The island of Hvar
I remarked to someone the other day that after spending a few weeks in what used to be called Yugoslavia, there is one thing I can definitely say about it: in any group of what we used to call Yugoslavs, there will always be at least one, and probably many more, young women wearing the shortest possible shorts, below which are visible a pair of slim, beautiful legs, tanned to the nth degree. Where were such girls when I was a boy, I have asked myself.
The person to whom I made this remark protested that this was a somewhat superficial observation, but I am not so sure. It seems to indicate quite a lot about the changes that have overcome what was until recent decades a workers’ state, in which enterprises were owned by the workers, and the economy was run with the interests of the ordinary bloke uppermost in mind.
After a brutal internecine war that seemed to be designed to entrench capitalism in what once was a welfare state, what exists now, so far as I have seen (which admittedly isn’t a hell of a lot), seems to be a captive state completely given into the hands of tourism, both of the luxury, and of the mass varieties.
Of course, my judgment has been clouded, perhaps, by the fact that I have spent most of these weeks visiting a friend in Dubrovnik, which is today a very strange place of human habitation. It is an ancient town set at the tailend of a small state, Croatia, that, after having defended its independence staunchly through the ages, has finally surrendered to the god of tourism.
The town seems to have no function except to be looked at by gawking tourists, who emerge daily from one of those immense cruise ships that ply the Adriatic, calling from time to time at one or other of the ports they pass along the way. These people, who appear to come from all over the world, are ferried into the town by tenders, where they are attached to a local guide who stands there holding up a sign to identify her, and thereafter, they are obliged to follow this person around as she gabbles off her spiel, allocating to the maximum, half an hour for each medieval attraction. This is a holiday?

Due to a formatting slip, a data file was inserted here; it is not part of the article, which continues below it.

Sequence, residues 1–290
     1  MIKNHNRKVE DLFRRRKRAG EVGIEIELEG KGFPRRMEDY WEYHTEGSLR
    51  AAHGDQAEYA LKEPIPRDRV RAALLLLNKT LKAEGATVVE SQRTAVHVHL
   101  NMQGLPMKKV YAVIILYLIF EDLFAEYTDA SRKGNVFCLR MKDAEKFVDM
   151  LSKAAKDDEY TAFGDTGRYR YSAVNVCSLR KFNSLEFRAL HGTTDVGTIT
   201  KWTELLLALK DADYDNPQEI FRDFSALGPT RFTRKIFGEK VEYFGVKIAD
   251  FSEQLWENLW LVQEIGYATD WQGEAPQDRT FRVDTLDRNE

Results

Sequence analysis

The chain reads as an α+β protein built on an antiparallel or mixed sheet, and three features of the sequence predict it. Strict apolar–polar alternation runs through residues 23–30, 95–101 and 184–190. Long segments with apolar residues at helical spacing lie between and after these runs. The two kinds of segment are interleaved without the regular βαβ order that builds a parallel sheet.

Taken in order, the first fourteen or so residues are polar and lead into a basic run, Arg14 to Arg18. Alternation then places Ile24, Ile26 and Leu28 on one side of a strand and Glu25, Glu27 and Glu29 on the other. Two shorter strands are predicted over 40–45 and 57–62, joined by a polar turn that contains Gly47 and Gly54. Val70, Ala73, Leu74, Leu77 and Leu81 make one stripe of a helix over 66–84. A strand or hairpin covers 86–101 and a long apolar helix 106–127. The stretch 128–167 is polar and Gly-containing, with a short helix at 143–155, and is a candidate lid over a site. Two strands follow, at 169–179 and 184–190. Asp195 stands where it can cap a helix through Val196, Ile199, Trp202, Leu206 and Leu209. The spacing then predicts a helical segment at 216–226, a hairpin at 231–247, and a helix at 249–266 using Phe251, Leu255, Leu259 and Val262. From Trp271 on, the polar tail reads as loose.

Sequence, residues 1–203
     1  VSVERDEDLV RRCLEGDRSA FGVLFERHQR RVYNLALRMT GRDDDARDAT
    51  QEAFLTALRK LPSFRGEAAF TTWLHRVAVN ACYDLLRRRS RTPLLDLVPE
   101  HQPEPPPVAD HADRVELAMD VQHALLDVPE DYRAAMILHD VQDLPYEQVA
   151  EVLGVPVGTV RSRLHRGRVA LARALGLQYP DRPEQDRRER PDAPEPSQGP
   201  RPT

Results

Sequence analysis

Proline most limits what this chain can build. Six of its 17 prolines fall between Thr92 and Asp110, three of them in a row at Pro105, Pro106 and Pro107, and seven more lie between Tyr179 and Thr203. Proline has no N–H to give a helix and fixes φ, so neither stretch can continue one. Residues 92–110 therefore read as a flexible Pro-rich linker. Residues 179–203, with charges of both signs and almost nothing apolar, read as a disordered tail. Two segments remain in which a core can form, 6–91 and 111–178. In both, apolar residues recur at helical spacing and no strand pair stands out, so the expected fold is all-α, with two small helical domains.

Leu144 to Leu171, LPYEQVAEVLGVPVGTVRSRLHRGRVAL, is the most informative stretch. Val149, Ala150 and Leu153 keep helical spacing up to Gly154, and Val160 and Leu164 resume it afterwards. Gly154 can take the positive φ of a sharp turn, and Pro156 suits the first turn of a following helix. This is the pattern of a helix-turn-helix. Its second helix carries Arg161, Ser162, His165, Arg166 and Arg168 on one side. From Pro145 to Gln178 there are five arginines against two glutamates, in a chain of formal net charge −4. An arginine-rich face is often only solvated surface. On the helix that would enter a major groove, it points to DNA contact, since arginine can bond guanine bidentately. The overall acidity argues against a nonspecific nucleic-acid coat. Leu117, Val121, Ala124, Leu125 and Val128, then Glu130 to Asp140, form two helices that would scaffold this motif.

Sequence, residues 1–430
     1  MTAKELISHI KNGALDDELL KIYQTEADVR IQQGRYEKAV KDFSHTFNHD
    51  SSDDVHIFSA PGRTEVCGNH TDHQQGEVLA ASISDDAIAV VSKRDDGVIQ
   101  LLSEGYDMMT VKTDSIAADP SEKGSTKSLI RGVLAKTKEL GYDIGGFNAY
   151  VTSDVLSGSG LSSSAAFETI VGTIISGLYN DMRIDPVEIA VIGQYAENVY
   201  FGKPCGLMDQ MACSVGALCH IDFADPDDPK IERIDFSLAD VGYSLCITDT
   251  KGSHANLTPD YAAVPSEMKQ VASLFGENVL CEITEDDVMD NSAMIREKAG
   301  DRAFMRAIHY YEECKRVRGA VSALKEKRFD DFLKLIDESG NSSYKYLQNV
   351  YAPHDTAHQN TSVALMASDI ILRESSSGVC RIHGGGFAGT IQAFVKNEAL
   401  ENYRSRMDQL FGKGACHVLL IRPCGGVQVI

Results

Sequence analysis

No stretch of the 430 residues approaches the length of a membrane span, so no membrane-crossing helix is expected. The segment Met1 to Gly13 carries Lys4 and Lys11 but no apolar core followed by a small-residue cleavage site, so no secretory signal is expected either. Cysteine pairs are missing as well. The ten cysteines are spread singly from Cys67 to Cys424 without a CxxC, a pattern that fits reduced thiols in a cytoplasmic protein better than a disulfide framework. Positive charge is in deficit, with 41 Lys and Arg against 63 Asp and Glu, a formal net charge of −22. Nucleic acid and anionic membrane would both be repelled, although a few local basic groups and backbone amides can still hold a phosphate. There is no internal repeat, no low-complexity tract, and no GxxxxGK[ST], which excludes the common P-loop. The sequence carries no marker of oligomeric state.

I have it on good authority (a trades union official in Dubrovnik), that Croatia, in this new dispensation, owns nothing. Foreign money has taken over, and the Croatians have been reduced, by and large, to being the waiters, cooks, and tourist guides to the new millenium. I have seen this before, in the West Indies, where an island like Antigua, once a prolific producer of sugar, closed all its sugar mills at a stroke, thereafter reducing the possibilities for its population to be waiters, taxi drivers, beach boys, or hookers.
So, as an economic engine in the modern state, Dubrovnik can be more or less discounted.
Okay, you might argue, Dubrovnik is an exception. It was bombed severely by the Serbs during what they call the Homeland war. This brings me perilously close to discussing the insanity of that war, a temptation I intend to resist.
I went this week to Hvar, a small town on a bleak, elongated Adriatic island. I had gathered the impression from what I had been told of Hvar that it was a rural kind of place: forget it, Hvar is a tourist trap, just like Dubrovnik, but with a few more signs of real life. Its beautiful harbour is crowded with boats, ostentatious boats of the super-rich, ugly boats of the nouveau-riche, bustling, companionable boats of the ferry service that takes people to and from the many islands that surround the city.
But Hvar, let there be no mistake, is a tourist city. It does have a splendid small market selling fresh fruit and vegetables, but otherwise it is, as someone once complained to me about Durbovnik, a town full of shops selling T-shirts made in China.